The people Hillary Clinton would kill, the people she would deprive of healthcare, the students she would deny a free quality education, the families she would deny a decent income, the workers she will deny jobs, the generations she will deny an inhabitable environment -- are they going to feel better because she's a woman?
And how are the poor people of Iowa going to feel if they're responsible for supporting her?
By David Swanson, American Herald Tribune
I asked Green Party presidential candidate Jill Stein about her platform this week and came away believing it had a better chance of winning than Bernie Sanders'. I know that platforms don't run, people do, and they do so within a two-party dominated system. But this already crazy presidential election could turn into a crazier five-way race. And, even if it doesn't, or if it does but still nobody ever learns that Jill Stein exists, there is nonetheless much for us and for the other candidates to learn from her platform.
If you think free college is popular, you should see what young people think of free college and erasing all existing student debt.
If single-payer healthcare with raised taxes (but net savings, if you make it to that fine print) excites voters, how do you think they'd respond to single-payer healthcare with no raised taxes?
If fewer wars and asking Saudi Arabia to do more of the funding and fighting sounds promising, what would you say to no more wars, a 50 percent cut in the $1 trillion/year military spending, no more weapons sales to Saudi Arabia which is doing more than enough killing, thank you, no more free weapons for Israel either, and investment of some of the savings in a massive green energy jobs campaign producing a sustainable energy policy and a full-employment economy?
Senator Bernie Sanders' domestic proposals have got millions excited, but the (unfair and misleading) criticism that he'll raise taxes may be a tragic flaw, and it's one he opens himself up to by refusing to say that he'll cut the military. Stein would cut at least half of the single biggest item in the discretionary budget, an item that takes up at least half of that budget: military spending. She'd cut fossil fuel subsidies, as well, and expect savings to come from healthcare, including as a result of cutting pollution and improving food quality. But the big immediate item is the military. Cutting it is popular with voters, but not with Democratic or Republican presidential candidates. Sanders will be labeled the Tax Man by the corporate media, while Jill Stein will have to be attacked in a different way if she gets mentioned.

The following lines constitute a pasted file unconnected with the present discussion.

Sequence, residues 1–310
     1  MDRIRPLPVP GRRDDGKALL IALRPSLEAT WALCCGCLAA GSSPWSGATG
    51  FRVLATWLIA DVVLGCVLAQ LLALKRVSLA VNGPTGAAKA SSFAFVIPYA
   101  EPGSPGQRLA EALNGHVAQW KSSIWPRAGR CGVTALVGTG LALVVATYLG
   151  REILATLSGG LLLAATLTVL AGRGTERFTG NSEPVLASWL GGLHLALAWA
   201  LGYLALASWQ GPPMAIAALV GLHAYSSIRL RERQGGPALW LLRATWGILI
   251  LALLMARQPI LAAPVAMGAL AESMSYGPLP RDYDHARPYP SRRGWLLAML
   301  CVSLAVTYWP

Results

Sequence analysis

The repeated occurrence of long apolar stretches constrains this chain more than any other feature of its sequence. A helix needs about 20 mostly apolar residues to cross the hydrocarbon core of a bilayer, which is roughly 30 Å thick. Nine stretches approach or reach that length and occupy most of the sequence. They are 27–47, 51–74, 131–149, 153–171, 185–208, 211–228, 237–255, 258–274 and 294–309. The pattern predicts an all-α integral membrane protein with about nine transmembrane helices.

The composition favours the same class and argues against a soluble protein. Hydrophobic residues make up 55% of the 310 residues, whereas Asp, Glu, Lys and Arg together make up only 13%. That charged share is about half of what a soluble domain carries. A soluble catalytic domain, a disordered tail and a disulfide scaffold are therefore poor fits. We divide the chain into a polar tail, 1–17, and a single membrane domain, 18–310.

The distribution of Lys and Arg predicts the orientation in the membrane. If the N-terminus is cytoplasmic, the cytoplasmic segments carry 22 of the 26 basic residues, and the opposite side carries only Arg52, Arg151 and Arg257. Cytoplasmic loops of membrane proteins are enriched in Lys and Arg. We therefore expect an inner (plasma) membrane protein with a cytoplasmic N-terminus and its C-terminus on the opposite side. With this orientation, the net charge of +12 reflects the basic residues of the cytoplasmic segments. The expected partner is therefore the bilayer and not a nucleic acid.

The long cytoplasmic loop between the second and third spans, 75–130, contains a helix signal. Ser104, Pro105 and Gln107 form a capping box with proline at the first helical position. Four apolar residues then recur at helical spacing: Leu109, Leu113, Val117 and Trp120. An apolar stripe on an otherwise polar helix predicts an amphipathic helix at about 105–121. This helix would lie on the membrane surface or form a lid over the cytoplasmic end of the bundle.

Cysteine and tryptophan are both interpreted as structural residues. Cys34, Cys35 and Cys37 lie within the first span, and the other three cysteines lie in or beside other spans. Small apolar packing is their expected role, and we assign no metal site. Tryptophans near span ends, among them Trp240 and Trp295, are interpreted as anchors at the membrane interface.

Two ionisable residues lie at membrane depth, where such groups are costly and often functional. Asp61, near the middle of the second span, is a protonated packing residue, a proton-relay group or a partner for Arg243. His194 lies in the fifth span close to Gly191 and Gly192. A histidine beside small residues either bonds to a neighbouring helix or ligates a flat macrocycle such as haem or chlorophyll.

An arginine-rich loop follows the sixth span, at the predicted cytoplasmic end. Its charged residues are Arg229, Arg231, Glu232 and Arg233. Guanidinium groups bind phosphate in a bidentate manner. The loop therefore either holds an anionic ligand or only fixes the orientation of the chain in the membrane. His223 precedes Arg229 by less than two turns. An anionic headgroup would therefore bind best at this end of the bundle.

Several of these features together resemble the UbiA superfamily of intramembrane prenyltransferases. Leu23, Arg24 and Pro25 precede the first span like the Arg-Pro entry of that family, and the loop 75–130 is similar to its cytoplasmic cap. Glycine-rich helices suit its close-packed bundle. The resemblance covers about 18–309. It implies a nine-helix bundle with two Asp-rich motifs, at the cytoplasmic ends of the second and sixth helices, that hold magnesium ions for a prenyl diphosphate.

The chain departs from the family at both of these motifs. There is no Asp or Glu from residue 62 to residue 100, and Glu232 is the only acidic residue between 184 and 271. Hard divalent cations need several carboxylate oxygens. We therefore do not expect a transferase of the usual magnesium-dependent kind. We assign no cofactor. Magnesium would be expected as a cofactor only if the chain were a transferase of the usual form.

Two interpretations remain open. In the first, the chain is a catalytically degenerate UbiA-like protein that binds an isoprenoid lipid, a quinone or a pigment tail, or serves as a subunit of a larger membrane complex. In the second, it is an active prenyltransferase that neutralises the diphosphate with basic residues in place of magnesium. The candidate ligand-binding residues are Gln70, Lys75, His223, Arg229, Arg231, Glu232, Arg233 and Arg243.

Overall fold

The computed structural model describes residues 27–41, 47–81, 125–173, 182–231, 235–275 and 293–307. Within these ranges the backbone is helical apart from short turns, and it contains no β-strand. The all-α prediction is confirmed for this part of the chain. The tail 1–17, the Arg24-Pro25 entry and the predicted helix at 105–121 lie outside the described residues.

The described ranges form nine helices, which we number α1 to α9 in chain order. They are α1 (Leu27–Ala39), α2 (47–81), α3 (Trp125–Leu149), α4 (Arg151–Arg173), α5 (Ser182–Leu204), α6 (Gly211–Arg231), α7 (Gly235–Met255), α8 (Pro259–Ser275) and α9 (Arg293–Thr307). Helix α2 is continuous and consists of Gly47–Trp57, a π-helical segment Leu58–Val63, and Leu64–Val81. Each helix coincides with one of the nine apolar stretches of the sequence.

"Cutting the military budget is something that we can do right now," Stein told me, "but we want to be clear that we are putting an end to wars for oil – period. And that is part of our core policy of a Green New Deal which creates an emergency program, establishing twenty million living wage jobs, full-time jobs, to green the economy, our energy, food, and transportation systems, building critical infrastructure, restoring ecosystems, etc. This is an emergency program that will get to 100 percent renewable energy by 2030. So this is a war-time-level mobilization in order to completely detoxify our energy system, and that means both nuclear and fossil fuel. In doing that, we deprive the empire of this major justification for wars and bases all around the world. So we want to be clear that that emphasis is gone, and goading the American public into war so as to feed our fossil fuel energy system – that ends and makes all the more essential and possible the major cutting of the military budget."
Which 50 percent of the military would Stein cut? Two places she named that she would start with (there would have to be much more) are foreign bases (she'd close them) and the U.S. nuclear weapons program. Would she unilaterally scrap U.S. nukes? I asked.